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Rethinking Labour Migration Channels: the Experience of Latvia from EU Accession to Economic Recession / David McCollum; Sergei Shubin; Elina Apsite; Zaiga Krisjane
Population, Space and Place, Pages: n/a - n/a
Swansea University Author: Shubin, Sergei
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DOI (Published version): 10.1002/psp.1789
With the onset of recession in the UK in 2008, it was assumed that immigration from other European Union countries would decline.However, this has been shown to not be the case, with the volume of new arrivals from most of the East-Central European ‘Accession 8’ countries actually increasing. The fo...
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With the onset of recession in the UK in 2008, it was assumed that immigration from other European Union countries would decline.However, this has been shown to not be the case, with the volume of new arrivals from most of the East-Central European ‘Accession 8’ countries actually increasing. The focus of this paper is Latvia, a country that had a relatively buoyant economy following its accession to the European Union in 2004 but that now has one of the highest unemployment and emigration rates in Europe. Interviews carried out with labour providers, policymakers, and employers are used to examine the labour migration channels that reflect and structure labour migration flows from Latvia and how these have evolved in the period between accession and recession. The findings indicate that intermediaries such as labour providers, the state, and informal social networks exert considerable influence on the nature of labour migration flows and that the relative importance of these channels displays significant temporal and spatial variations. This research represents an original contribution to the literature on labour migration channels by focusing on movements from a low-wage to higher-wage economy in the context of the introduction of free movement of labour between Eastern and Western Europe and the later onset of severe global recession. These findings are of relevance to how labour market channels are theorised and suggest that analysts need to be sensitive to how the function served by intermediaries, and their influence on migration systems, evolves over time and across space.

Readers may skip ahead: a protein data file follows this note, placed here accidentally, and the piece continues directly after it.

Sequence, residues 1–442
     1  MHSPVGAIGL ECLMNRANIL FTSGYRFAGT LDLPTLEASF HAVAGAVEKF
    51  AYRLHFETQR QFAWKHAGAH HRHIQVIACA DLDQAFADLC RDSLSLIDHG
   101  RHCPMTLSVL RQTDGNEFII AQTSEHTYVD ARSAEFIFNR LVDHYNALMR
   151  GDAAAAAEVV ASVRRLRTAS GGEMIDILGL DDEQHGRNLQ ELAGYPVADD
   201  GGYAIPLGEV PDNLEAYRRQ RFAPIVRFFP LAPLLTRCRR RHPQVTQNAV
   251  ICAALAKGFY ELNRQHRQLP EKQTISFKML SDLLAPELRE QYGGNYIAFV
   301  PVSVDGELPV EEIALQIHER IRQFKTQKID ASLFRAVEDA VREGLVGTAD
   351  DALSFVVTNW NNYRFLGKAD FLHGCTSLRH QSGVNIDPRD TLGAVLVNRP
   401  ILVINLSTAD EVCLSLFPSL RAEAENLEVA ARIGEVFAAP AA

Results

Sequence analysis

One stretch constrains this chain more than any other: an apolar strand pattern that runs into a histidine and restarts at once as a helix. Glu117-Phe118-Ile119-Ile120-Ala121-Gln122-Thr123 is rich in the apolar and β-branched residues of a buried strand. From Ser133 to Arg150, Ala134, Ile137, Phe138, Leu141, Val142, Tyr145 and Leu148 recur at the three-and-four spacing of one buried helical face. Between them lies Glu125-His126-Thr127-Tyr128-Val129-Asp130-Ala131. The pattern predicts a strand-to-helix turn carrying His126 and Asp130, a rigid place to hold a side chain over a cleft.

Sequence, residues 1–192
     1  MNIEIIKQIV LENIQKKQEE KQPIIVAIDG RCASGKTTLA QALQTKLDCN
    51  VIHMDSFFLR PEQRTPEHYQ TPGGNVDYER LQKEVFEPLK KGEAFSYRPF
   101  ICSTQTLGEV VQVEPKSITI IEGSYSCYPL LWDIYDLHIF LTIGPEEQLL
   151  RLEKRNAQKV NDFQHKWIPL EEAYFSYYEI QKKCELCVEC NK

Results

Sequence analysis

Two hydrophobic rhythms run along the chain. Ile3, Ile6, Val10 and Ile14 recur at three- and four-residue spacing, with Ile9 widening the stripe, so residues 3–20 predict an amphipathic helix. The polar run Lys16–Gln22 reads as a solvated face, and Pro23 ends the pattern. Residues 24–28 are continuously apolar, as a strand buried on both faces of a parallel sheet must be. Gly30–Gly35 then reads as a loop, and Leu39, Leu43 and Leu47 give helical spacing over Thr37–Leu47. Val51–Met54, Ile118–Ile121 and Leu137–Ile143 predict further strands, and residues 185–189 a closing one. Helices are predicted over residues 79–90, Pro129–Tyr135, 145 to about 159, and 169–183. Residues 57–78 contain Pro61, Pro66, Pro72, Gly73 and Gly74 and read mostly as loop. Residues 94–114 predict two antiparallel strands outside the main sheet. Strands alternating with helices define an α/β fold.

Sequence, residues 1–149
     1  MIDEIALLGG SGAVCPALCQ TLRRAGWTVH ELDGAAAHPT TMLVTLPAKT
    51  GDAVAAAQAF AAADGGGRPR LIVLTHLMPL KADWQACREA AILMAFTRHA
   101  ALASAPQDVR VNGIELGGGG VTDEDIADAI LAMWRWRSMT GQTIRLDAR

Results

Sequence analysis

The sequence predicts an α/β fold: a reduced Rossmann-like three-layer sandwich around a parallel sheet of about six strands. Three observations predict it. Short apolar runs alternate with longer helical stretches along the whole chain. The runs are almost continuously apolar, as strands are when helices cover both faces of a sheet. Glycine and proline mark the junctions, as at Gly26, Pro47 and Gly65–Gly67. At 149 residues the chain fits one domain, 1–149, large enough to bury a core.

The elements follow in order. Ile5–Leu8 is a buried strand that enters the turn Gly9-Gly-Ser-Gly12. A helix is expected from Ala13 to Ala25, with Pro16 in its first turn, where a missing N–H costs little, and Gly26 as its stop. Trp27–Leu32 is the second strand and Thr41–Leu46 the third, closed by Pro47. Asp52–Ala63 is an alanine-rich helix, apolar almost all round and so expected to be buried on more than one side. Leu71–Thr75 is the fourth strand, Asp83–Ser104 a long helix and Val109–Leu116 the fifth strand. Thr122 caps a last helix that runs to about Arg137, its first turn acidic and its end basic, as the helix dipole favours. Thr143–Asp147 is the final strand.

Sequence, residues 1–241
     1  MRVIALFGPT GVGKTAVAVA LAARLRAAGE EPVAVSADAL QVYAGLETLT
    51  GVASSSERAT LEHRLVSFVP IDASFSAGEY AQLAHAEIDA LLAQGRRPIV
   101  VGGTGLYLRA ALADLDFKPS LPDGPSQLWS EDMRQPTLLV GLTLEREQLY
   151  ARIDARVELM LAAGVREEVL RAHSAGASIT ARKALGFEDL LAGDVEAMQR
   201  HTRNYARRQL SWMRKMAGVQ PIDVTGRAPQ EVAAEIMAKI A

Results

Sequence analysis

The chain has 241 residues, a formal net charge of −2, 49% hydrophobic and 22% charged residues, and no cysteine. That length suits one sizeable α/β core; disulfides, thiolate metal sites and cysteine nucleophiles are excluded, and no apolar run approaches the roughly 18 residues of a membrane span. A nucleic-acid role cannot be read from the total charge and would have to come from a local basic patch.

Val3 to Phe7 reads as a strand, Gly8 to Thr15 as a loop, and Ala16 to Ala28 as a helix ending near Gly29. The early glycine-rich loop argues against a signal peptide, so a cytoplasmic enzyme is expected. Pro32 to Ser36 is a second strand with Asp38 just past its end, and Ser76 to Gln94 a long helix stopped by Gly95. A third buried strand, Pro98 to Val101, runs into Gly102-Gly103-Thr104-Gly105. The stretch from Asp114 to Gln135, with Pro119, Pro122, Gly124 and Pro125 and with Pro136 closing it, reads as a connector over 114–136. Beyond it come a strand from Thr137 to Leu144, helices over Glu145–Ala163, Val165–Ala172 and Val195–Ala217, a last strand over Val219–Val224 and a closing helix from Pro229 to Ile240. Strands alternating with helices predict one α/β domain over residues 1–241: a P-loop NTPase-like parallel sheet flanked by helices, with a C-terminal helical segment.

A8 accession; labour channels; labour migration; Latvia; recession
College of Science